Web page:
Honeybees – Essential for Life as we Know it
Honeybees and other insect pollinators are vital for around three-quarters of the world’s crops, with an increasing awareness that pesticides have heavily affected honeybee populations to the point of collapse. Honeybees are dying out due to habitat loss, disease, overwork as bee colonies are driven across the country following crop harvests, and the removal from their hives of natural immune-boosting substances such as royal jelly and propolis, not to mention honey that is essential for bees’ health and survival. A reduction in pesticide use is part of an overall strategy that is now deemed vital for the reversal of colony collapse disorder and support of the honeybees return to a healthy populace.
Why the UK Failed to Vote for Ban on Dangerous Pesticide
The UK was the only EU member state to oppose the earlier nicotonoid ban and just one of three member states, along with Slovakia and the Czech Republic to abstain from the fipronil vote. Spain and Romania, the former being the biggest user of fipronil, voted against the ban. The UK’s DEFRA spokesperson noted that fipronil is not used in any pesticides on sale in the UK and so the ban would have ‘little impact’ there, clearly missing the point on helping other member states vote in a ban on a dangerous insecticide that is arguably already affecting them and which could, had the ban not been passed, have affected the UK at a later date.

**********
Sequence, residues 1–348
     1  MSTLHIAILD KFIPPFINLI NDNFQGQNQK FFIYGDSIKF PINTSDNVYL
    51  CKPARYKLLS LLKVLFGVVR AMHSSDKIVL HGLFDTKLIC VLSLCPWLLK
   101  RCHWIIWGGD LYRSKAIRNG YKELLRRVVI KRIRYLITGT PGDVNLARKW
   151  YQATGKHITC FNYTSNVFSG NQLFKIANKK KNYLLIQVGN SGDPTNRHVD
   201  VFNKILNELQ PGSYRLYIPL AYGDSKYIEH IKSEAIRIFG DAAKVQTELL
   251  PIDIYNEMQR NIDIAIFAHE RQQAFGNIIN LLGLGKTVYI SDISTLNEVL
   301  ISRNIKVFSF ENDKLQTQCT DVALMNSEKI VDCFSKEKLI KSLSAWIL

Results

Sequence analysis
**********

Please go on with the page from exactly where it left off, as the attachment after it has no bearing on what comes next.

UK Disappoints on Pesticide Ban
Paul de Zylva, from Nature First Pest Control Services, said that “It’s disappointing to see the UK government abstaining from another cut and dried opportunity to protect bees.” Clearly, the increasing use of fipronil in the US would also attract the ire of environmental organizations keen to halt the crisis in honeybee populations. Fipronil is also used to control cockroach and termite populations, meaning that it is a commonly applied chemical in certain parts of the US where such pests are rife.
Fipronil in Frontline
The use of fipronil in closed system tick control boxes has not been tested for its effects on the health of local honeybees but it does appear unlikely to have anything like the impact that widespread spraying of crops has on honeybees. The pesticide is applied to the back of any mouse entering and exiting the TCS box by way of a small hanging wick soaked in fipronil that brushes the mouse’s back. The concentration of the insecticide is ten times less than that found in Frontline and other flea and tick control products used on dogs and cats. The pesticide is contained within the center of the box, making it virtually impossible for anyone to come in contact with the agent, or for the agent to end up exposed to the wider environment.
Getting fipronil on the skin, inhaling it, or swallowing it can cause adverse effects but the bait boxes are tamper-proof and would take some serious effort to open up to expose the pesticide. It is unlikely, therefore, that these tick-control boxes for Lyme disease prevention will seriously impact local honeybee populations and crop production. Hopefully, however, they will reduce the risk of exposure to ticks carrying Lyme disease bacteria.